More Than Meets the Eye

April 29, 2009
By Morgan Statt BRONZE, Marion, New York
Morgan Statt BRONZE, Marion, New York
1 article 0 photos 0 comments

“I carry your heart (I carry it in my heart)”
Excerpt from the poem, “I Carry Your Heart With Me” by E.E. Cummings

Family relationships are one of the most important things you can have in life. Brothers, sisters, and other family members are the ones you can rely on for anything; they will help you through thick and thin. This is one of the many themes present in the novel, In Her Shoes by Jennifer Weiner. Two sisters, Rose and Maggie Feller, couldn’t be more different from each other. Rose, a thirty-year-old successful lawyer at a Pennsylvania firm, has relied on her brains to get through life, not her looks. Maggie, on the other hand, is an unemployed woman trying to make a break in the acting business. She relies on others, especially her sister, to get her out of trouble and to often provide a place for her to live. The only thing in common between the sisters is that they wear the same size shoe, which Maggie makes use of quite often. In the story, Maggie begins living with Rose because of financial trouble and all seems to be going smoothly. Then disaster strikes when Rose comes home from work to find Maggie sleeping with her boyfriend. For Rose, this is the last stand and she kicks Maggie out. Maggie then makes her way to Boca Raton, Florida to live with a grandmother she never knew because of the early death of her mother. After different events occur, Maggie soon realizes the importance of having family relationships. She gets to know her grandmother and reconciles with Rose.

Maggie Feller, one of the main characters in this novel, has more to her than what meets the eye. But to some, her appearance can be a little misleading. She is twenty-eight-years-old and although she is unemployed and can’t seem to hold a job, she has one thing going for her, her looks. Looked upon by her family and friends as drop-dead gorgeous, her body is perfectly tanned and toned. One hundred and six pounds extended over a five foot six inch frame, Maggie has no trouble acquiring men. Tattoos adorn her body, such as the daisy on her lower back and “MOTHER” written on her right bicep. Another feature she has that is described in the book are her D-cup breasts, thanks to plastic surgery and the payment of an ex-boyfriend. Throughout the novel, she also wears revealing clothing such as a string bikini at a senior citizen home and thongs in her sister’s apartment. Because of her physical appearance, many men tend to flock towards Maggie, giving her a false sense of security. She feels her looks are the only attribute she has that will get her farther in life. But, by the end of the novel, Maggie’s appearance becomes just something she has, not something she uses to get what she wants. She learns important lessons, both from her grandmother and sister, on how looks aren’t everything. She puts this knowledge to good use, by beginning to read poetry, starting her own personal shopping business, and caring for senior citizens in the home where her grandmother lives. She doesn’t take advantage of people and takes the blame for her own trials and tribulations, not allowing others to take the fall for her. Maggie truly embraces the saying, “more than what meets the eye” by not letting her looks take control of her life, instead relying on brains and the goodness of her heart to succeed. Maggie also proves that she indeed loves Rose by making Rose’s wedding dress from scratch and reading the poem, “I Carry Your Heart With Me” by E.E. Cummings at Rose’s wedding. Beautifully recited, this was the part in the novel where Maggie and Rose finally restored their relationship.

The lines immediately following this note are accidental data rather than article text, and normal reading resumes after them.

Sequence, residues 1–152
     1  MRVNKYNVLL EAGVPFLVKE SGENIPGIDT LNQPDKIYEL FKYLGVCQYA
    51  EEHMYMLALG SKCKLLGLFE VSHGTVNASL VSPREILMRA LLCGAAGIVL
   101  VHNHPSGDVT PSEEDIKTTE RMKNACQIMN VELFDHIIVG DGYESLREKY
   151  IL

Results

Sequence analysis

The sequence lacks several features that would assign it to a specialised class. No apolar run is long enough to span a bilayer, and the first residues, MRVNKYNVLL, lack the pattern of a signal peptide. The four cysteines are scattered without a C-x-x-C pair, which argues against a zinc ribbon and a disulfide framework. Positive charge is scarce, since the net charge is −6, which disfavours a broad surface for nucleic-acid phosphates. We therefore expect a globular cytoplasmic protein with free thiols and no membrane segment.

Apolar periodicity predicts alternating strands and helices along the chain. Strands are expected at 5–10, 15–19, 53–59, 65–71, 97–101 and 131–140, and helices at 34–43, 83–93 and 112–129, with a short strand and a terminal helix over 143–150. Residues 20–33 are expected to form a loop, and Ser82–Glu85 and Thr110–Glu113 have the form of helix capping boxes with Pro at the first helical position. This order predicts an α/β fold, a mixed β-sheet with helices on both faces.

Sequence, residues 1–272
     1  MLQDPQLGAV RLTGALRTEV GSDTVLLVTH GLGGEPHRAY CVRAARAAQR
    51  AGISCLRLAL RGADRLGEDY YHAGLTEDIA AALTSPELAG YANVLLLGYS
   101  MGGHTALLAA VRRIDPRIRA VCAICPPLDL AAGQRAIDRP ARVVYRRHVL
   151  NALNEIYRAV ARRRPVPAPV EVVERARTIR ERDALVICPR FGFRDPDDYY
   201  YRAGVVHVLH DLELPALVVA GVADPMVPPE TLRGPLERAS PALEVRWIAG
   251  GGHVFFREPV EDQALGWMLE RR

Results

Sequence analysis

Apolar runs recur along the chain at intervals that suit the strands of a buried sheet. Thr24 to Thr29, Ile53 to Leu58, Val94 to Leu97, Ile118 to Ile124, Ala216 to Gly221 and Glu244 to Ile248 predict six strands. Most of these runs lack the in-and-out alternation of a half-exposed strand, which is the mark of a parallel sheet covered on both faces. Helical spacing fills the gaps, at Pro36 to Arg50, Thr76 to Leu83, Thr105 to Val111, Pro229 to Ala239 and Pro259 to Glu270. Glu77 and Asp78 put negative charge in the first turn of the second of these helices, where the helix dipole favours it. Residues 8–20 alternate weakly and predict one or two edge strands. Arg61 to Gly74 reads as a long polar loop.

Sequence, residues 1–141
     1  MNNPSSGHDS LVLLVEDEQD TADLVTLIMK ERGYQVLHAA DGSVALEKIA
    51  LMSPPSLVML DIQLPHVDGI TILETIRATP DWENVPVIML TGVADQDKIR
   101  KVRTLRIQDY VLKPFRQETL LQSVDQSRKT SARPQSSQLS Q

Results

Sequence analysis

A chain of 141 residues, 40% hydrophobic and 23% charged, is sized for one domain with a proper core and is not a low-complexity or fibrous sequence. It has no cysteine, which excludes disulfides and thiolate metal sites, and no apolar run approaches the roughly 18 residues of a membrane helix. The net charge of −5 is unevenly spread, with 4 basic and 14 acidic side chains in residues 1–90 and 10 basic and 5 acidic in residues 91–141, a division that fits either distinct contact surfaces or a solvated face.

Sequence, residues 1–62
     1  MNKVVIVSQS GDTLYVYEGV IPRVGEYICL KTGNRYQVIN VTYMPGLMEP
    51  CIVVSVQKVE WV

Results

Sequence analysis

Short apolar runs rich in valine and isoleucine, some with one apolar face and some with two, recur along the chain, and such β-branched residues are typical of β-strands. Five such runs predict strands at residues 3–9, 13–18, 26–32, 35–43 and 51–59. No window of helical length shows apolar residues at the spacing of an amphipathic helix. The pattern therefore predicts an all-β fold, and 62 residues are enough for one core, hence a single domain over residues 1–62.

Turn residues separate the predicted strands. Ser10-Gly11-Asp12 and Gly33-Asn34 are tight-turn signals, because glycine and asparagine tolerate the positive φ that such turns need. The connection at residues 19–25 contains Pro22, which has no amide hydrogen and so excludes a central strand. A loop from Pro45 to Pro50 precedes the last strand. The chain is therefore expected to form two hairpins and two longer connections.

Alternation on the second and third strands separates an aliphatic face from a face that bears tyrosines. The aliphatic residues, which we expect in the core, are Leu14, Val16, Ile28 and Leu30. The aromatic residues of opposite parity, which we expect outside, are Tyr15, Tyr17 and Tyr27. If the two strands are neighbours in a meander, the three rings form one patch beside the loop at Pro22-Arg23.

Overall, this novel was exceptional with so many interesting characters. The book and the character of Maggie showed me how important it is to have positive relationships with people, something I have taken for granted more than once in my lifetime. Many lessons can be learned from this literary work and therefore I believe everyone should read it. Hopefully, like Maggie, they too can say to the ones they love and care about, “I carry your heart (I carry it in my heart).”

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This article has 1 comment.

on May. 12 2009 at 2:20 pm
This is a wonderful essay outlining the major themes in this book. The essay provides insightful commentary on the impact of postitive relationships and the struggles we face as members of a family. I will add this to my list of books to read.

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